Constraints are a designer’s best friend. The more constraints the better, as it’s all-too-easy to feel lost amongst the seemingly infinite amount of possibilities when designing anything, but especially so for digital products.
Yet for some reason we ignore the one constraint that matters most: The amount of time a user has for our products. Instead, we choose to believe that people have time to spare for whatever we’re selling. Or worse, that they’ll make time for it. But it’s not our job to make the best product; It’s our job to make the best product people have time for.
We all have our daily routines, and when we come across a new product we wonder how it might fit into our day. Is this something that can save me time? Will using it allow me to rid myself of something I already use? The amount of time something takes to learn, use, and benefit from greatly influences our decision to buy.
Treat your user’s time like a finite resource. Put an actual time limit on it, and let that help guide the prioritization of features. If users are only willing to spend 10 minutes a day with your product, how much time does that allot for each feature? Is that enough for it to be useful? If not, cut it. If users don’t have any time for it, make it work without requiring work from the user or kill the product entirely.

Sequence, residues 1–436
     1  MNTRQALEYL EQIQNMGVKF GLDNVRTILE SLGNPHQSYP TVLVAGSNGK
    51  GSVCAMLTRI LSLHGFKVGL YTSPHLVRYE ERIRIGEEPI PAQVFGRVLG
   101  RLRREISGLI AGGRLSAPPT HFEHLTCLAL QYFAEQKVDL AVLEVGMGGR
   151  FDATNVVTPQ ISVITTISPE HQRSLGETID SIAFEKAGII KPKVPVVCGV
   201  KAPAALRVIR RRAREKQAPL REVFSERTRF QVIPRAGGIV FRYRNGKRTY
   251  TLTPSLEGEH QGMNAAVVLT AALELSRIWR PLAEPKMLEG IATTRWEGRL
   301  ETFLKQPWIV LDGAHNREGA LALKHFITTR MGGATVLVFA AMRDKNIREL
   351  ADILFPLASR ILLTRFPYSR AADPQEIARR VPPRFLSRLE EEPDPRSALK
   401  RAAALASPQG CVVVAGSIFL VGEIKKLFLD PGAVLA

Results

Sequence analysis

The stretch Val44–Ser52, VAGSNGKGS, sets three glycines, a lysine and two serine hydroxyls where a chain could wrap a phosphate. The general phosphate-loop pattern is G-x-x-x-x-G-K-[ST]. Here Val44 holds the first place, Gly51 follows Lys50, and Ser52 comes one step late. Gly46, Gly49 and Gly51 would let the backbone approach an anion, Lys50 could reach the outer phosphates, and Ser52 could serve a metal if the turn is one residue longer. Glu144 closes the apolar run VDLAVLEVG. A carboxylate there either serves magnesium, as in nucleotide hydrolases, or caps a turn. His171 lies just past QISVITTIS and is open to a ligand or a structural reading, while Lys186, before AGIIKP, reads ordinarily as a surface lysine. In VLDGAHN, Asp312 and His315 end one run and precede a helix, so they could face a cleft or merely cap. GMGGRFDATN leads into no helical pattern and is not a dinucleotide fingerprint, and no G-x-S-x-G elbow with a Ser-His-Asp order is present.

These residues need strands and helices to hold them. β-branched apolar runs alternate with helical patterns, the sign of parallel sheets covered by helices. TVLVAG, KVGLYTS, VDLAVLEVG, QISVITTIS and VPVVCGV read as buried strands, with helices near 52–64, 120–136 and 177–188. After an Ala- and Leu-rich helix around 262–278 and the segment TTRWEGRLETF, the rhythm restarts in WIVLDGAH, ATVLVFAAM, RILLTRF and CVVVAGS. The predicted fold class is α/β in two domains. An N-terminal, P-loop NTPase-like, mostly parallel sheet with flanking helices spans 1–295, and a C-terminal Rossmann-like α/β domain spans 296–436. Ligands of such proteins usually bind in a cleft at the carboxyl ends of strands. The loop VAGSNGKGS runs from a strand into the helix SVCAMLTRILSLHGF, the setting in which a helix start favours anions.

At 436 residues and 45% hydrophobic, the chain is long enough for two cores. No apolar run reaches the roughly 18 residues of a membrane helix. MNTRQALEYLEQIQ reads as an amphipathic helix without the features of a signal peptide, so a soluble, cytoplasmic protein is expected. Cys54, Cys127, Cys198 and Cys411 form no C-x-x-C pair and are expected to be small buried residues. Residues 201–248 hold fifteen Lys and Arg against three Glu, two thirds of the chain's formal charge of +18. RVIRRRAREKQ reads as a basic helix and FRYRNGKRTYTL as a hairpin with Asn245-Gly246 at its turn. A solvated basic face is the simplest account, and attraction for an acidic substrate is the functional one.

When working on HubSpot’s social publishing and monitoring tool, I think about how our users use it throughout their day and how it fits in with their many other responsibilities. How much time do existing users spend using it? How much time do they want to spend? The closer I can get those numbers together the more likely it will be adopted by others.
The best products are the ones people have time for. When you design without any regard for a user’s daily routine they’ll likely never take the time to get started. And if people don’t have time for your product then it certainly isn’t worth your time to build it.